Unlike the keeping of other animals and critters, Tariq finds that beekeeping is highly connected to his religious fulfillment. The bee is mentioned in the Quran and the Prophet said that honey, black seed, and hijama are cures for all diseases and the best of all medicines. As an Islamic wellness therapist not only does Tariq perform hijama, but he also gives wellness advice on a regular basis. So quite naturally, he relays the many narrations of Prophet Muhammad that relate to wellness. If someone is sick, all too often Tariq will recommend that they take some honey. In fact, he even provides it after his hijama appointments. Which is local, fresh from the farm, and above the organic standard!
After it is all said and done the number one question people ask is “how many times have you been stung”? Contrary to what most people believe, honeybees are relatively easy to manage. In his three years of beekeeping, he has only been stung about five times. Beekeeping maintenance mainly consists of opening the hive about twice a month to check the health and development of the colony. In my three years I have spent about $700 in beekeeping supplies and training. Which is about the same as a good pedigree German Shephard (without the training!). But unlike a pet dog, the honeybees find their own food. They will travel about a mile away to find the flowers they love.
Makkah International Institute combines three essentials to community prosperity: service, education, and wellness. Central to our mission is the honeybee. With aw inspiring social structure and unmatched work ethic the honeybee is so central to our organization that it was chosen as our mascot. The Makkah Institute Killer Bees are steadily growing in popularity at many local basketball tournaments donning their Stealers (and honeybee) black and gold colors. Beyond summer camps and school curricula, Makkah International Institute uses beekeeping in a holistic manner to uplift our community.
If anyone has any questions or need advice Tariq is always willing to lend a helping hand to the community. Till the next time, Happy Beekeeping!
Tariq Abdul-Malik B.S, MAT, Ed.S, CHP
Tariq Abdul-Malik is the founder and director of Makkah International Institute LLC, Makkah Institute Inc., and Makkah Farms. He is a passionate father of 9, husband, son, brother, educator, hijama practicitioner, and beekeeper. He is a staunch advocate for holistic wellness and education that balances mind, body, and spirit.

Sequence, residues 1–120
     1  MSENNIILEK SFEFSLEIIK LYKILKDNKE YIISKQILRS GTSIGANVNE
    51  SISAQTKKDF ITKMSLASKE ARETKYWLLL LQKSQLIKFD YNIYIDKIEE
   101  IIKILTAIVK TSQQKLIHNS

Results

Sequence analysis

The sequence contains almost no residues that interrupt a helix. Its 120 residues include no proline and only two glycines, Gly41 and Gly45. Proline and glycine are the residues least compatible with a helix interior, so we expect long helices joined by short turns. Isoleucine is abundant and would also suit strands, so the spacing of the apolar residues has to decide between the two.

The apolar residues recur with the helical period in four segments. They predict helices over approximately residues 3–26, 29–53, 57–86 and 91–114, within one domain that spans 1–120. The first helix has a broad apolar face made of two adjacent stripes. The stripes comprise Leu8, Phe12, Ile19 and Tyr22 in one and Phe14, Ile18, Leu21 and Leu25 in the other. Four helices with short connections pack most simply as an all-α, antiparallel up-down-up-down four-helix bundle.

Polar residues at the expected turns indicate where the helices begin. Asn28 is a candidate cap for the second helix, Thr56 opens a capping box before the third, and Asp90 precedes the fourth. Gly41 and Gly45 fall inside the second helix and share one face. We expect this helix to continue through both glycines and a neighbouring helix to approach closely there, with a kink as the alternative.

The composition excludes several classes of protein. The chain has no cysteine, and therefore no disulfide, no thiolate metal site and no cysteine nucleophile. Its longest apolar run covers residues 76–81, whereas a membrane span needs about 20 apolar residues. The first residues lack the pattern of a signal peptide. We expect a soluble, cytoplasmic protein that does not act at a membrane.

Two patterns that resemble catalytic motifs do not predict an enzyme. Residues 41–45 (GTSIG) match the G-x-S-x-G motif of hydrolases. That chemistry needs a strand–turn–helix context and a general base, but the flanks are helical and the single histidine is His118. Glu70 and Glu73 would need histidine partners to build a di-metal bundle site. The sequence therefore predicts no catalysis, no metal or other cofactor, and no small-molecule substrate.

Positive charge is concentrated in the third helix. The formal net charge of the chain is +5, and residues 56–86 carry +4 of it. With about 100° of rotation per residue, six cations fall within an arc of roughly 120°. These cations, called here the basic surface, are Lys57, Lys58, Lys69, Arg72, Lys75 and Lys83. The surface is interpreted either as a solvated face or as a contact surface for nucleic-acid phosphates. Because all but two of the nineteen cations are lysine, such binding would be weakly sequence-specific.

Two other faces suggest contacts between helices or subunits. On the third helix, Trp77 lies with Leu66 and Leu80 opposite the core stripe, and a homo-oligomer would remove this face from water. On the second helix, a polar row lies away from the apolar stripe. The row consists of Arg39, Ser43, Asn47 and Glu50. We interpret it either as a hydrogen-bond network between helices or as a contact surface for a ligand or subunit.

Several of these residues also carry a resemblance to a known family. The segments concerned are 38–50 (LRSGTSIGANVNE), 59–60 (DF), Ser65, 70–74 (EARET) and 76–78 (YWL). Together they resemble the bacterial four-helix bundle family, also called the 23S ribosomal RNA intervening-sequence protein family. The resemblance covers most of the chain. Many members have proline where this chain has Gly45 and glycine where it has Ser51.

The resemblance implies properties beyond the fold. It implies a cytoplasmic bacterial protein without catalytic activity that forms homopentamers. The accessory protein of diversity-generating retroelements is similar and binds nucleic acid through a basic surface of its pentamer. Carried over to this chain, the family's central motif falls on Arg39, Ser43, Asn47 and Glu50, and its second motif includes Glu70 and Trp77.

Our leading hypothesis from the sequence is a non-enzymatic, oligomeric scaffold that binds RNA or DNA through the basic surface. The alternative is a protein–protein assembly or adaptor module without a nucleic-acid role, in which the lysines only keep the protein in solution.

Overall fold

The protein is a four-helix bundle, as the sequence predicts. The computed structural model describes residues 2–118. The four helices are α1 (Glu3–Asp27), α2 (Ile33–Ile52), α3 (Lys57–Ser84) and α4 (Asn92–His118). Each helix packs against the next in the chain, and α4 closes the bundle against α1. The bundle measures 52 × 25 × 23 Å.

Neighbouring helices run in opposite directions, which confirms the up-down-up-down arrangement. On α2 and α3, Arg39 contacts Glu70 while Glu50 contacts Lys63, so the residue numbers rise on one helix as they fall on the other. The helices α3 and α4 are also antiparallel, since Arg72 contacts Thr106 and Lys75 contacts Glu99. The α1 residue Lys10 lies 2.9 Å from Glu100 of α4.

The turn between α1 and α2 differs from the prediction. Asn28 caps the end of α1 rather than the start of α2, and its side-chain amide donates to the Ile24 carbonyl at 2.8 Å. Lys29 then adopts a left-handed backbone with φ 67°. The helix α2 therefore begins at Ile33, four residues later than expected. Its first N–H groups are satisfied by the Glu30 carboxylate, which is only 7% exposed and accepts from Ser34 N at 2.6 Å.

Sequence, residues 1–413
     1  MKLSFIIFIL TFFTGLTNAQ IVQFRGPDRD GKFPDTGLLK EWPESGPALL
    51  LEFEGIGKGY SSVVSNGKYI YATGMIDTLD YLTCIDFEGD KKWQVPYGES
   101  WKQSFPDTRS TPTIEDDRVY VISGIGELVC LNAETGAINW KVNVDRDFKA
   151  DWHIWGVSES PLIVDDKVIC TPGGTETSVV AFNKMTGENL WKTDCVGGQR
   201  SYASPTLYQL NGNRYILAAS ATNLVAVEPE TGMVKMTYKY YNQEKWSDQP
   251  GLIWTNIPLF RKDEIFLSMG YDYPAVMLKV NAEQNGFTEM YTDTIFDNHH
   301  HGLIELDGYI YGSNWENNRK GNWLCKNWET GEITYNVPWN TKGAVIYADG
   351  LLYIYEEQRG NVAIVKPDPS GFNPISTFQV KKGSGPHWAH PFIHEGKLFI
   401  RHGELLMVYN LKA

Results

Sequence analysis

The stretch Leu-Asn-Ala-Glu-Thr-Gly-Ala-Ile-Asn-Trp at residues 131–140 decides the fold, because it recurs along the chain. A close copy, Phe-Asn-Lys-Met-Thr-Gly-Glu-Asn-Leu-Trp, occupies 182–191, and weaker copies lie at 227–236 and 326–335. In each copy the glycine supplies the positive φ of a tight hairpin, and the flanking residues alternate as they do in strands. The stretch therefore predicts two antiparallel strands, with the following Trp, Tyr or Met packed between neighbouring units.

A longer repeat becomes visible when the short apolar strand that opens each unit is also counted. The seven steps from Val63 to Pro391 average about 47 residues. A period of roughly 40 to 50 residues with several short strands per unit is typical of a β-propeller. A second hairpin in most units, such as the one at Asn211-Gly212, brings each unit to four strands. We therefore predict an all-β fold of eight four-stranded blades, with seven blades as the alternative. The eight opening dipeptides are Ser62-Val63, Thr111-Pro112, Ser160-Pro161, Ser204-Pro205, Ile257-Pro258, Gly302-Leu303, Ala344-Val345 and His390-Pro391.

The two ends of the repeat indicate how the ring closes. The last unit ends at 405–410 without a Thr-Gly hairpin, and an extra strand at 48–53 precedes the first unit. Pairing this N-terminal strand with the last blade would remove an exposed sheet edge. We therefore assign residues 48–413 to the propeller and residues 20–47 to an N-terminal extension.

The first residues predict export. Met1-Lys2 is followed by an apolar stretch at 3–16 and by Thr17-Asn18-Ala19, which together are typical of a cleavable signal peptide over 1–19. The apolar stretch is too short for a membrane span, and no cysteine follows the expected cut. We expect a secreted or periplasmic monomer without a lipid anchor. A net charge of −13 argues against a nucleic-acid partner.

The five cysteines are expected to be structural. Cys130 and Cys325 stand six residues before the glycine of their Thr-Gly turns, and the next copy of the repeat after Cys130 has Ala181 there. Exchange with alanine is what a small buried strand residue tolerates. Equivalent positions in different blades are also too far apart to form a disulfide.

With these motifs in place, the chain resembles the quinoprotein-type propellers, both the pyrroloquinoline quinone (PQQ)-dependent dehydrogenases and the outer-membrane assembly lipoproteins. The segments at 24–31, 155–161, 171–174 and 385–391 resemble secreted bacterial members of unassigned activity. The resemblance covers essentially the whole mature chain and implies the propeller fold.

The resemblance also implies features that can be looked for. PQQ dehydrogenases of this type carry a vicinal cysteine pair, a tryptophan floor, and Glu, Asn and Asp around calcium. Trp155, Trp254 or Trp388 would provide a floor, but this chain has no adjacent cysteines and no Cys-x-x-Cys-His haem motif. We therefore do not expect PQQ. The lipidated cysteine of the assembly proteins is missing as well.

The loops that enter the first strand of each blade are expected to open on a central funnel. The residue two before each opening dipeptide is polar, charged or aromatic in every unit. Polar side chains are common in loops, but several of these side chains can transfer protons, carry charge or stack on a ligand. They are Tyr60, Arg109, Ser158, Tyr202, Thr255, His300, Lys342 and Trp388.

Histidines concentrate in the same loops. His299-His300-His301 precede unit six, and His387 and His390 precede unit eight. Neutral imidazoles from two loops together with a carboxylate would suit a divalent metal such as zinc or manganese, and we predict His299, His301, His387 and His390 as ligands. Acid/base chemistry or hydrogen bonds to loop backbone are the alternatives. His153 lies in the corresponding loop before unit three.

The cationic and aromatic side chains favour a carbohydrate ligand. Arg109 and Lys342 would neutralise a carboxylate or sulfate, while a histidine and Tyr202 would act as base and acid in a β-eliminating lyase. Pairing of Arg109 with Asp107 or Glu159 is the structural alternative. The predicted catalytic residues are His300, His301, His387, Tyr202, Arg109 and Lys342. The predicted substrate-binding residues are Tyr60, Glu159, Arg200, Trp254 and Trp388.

Based on what we know at this time, COVID-19 affects pregnant women no differently than non pregnant women. However, pregnant women in general are at a greater risk of getting sick from respiratory viruses than non pregnant women. Some babies have tested positive shortly after birth, but it is unknown whether the babies got the virus before, during, or after birth. There are few reports of newborns with severe illness; however, much is still unknown about the risk of COVID- 19 to newborns. We do not know if COVID-19 can be spread thru breast milk, but limited data available states that it is highly unlikely. So breastfeeding continues to be the best source of nutrition for all infants.
On the day you deliver, if you are positive for COVID-19 or exhibiting symptoms you will be placed on isolation and more than likely separated from your baby at birth. Some hospitals will allow the infant to stay in your room but a 6 feet separation between mom and baby must be maintained. This is for the good of the child. Most hospitals will allow only one support person in the delivery room, and they will not allow that person to swap out with another.
If you’re pregnant you should take the following precautions:
Lisa Connor APRN, MS, CNM, LCCE
Lisa Connor earned her Masters of Science in Midwifery from SUNY Downstate in Brooklyn, NY in 2000 launching a career in home and hospital births as a full time CNM. Lisa offers a calm reassuring presence that is a blessing to birthing families while her expertise provides a safe and holistic approach to pregnancy and women’s health.
On May 19th, the CDC released guidelines for school attendance during the COVID-19 pandemic. The CDC outlined three possible scenarios and included the risks of each situation. The three scenarios included:
Lowest Risk: Students and teachers engage in virtual-only classes, activities, and events.
More Risk: Small, in-person classes, activities, and events. Groups of students stay together and with the same teacher throughout/across school days, and groups do not mix. Students remain at least 6 feet apart and do not share objects (e.g., hybrid virtual and in-person class structures or staggered/rotated scheduling to accommodate smaller class sizes).